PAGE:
The Story Thief by Joshua Young. Yeeeeeaaah! It's Josh's book, and I'll say little about it to prevent from spoiling it for all of you, dear readers, or from embarrassing its author. I will say that I loved it, and that it's not only Josh's prolificity (prolificness? prolificiness? I don't know, he freaking writes a lot) that drives me mad with envy, it's also his willingness to cut what he's revising to shreds and rebuild it, expand it, tweak it, and generally turn it from a solid first draft into an actual novel. Nice!
High Fidelity by Nick Hornby. I picked this up because Jeff and Selena and I were talking about it and I haven't read it since high school and I wanted to see how I would react to it now. Strongly, it turned out. Bear with my huge, sweeping generalizations here: reactions to High Fidelity are pretty strongly divided along gender lines. Women often are bothered by it--Rob, the narrator is neurotic and whiny, the book is a find-the-right-woman-who-will-fix-you fantasy, who gives a shit about all those old soul records, etc. One WWU student I talked to actually had to get rid of the book because she said that having it on her night stand felt like "having a sketchy stranger in her room." Most men (and bear in mind that most men who have reactions to the novel High Fidelity are the kind of guys who seek the book out to read it) think that it is an incredibly accurate representation of the male mind at work. Jeff, in response to Selena's comment that Rob is whiny and neurotic, replied that yes, Rob is whiny and neurotic, but he gives voice to neuroticisms that most guys think about but would never in a million years actually talk about, which I think is a good way to describe it.
I was really torn by High Fidelity, and it's narrator especially. It is a find-the-right-woman-who-will-fix-you fantasy, and the last quarter of the book is mostly about Rob bumbling around and being a douchebag while Laura (the love interest) patiently tries to put his life together for him. Rob definitely doesn't earn points for likability. He's a self-consciously hip narcissistic hypocrite who sees the problems in his behavior and lets it eat at him, then does nothing whatsoever to change it. Unfortunately, Rob is also so similar to me that it's shocking. He's an A.V. nerd, like me and most of my male friends, and if he developed an obsession with twenty-year-old video games, we would probably be besties. This was upsetting for me to realize--I wanted to hate Rob, but I didn't. I couldn't! This needs more thinking about...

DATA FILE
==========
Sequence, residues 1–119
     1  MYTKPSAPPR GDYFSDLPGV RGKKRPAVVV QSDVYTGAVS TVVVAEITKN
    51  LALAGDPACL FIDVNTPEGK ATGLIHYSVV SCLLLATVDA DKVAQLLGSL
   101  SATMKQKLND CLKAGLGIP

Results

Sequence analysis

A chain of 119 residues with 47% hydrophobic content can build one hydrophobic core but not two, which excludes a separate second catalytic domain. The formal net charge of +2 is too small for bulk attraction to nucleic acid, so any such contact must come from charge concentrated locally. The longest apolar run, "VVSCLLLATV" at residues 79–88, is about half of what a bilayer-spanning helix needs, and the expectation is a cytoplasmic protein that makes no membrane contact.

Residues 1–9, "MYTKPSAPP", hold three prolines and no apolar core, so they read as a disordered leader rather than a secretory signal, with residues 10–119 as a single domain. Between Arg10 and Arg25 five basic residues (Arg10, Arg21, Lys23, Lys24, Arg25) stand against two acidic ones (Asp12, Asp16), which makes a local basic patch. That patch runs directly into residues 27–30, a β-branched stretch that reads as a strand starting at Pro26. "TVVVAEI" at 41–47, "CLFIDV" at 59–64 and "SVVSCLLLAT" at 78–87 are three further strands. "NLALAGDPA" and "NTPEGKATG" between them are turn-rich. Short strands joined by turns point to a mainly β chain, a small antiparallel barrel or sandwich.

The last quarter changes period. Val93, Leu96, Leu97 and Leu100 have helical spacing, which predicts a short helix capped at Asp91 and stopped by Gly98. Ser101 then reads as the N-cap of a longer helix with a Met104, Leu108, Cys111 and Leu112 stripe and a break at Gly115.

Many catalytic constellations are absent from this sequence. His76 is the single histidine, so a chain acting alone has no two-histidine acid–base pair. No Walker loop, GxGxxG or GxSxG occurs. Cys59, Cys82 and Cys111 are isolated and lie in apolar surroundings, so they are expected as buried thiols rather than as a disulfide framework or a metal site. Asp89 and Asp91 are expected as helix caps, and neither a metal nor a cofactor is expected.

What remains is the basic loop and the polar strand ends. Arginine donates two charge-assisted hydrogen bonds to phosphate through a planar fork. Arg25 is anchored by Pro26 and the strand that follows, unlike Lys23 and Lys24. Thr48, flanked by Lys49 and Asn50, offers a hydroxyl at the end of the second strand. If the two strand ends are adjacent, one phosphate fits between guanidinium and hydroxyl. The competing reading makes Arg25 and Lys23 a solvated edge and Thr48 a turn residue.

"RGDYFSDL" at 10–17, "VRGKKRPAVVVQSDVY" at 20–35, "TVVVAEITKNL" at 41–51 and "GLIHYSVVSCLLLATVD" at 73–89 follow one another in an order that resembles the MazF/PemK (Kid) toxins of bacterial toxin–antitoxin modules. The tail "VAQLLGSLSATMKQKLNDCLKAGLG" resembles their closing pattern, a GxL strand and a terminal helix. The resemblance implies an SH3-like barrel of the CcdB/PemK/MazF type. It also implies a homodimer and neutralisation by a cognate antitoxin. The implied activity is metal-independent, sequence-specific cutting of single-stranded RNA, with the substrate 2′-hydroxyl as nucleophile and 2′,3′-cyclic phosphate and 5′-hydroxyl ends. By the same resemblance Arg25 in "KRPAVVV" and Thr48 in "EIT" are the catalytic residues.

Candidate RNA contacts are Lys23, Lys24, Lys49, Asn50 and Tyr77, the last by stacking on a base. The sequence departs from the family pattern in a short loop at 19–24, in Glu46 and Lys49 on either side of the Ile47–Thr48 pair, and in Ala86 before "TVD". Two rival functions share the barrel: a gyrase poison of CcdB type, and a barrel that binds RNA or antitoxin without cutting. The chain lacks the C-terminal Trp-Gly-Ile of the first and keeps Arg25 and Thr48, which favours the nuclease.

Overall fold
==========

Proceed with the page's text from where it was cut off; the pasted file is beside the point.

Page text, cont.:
Scott Pilgrim's Finest Hour by Bryan Lee O'Malley. Several people have asked me why I like these books and I have had a hard time explaining why--the plot sounds gimmicky and infantile, the art style is highly stylized (it appeals to me, but I can see how it would drive some people insane), and the narrator's comments often start to feel a bit dictatorial. But then I noticed the blurb on the back of the last book, from Joss Whedon: "Scott Pilgrim is the best book ever. It is the chronicle of our time. With Kung Fu, so, yeah: perfect." Word Joss Whedon! Basically the fact that Joss Whedon is blurbing this book should tell you why I like it--he could have written it. It has that same mix of angst and pop-culture references and ass-kicking that made Buffy the Vampire Slayer so awesome. In fact, now that I'm thinking about it, it's a lot like Buffy. Huh. Anyway, I was actually a bit disappointed with the ending of the Scott Pilgrim series. I'm not sure what I expected--it ended exactly how anybody could have predicted it would end all along--but it just felt a little too... easy? Not earth-shatteringly awesome? I'm not sure.
The Rachel Papers by Martin Amis. Ah! A male-coming-of-age novel with a narrator I can really love to hate. The Rachel Papers takes place in the five hours before Charles Highway turns twenty years old. He spends those five hours recounting the previous year or so of his life, with special emphasis on his relationship with Rachel, a girl he sets out to bed but with whom he winds up falling in love. Charles Highway is arrogant, manipulative, hypocritical, elitist, callous, disgusting on pretty much every level (including and especially the level of personal hygiene, his lack of which he spends a great deal of time describing), and is just an all around asshole. There's really nothing good to be said about him, at any point in the novel. That said, I didn't have to like the narrator to enjoy the novel. It was very funny, and much of the pleasure I got from it came from seeing what the hell Charles was going to do next--his willingness to tailor his musical tastes, conversational modes, and even his accent to suit the various women he tries to pick up is rather funny, and the used condom switcheroo is a great moment.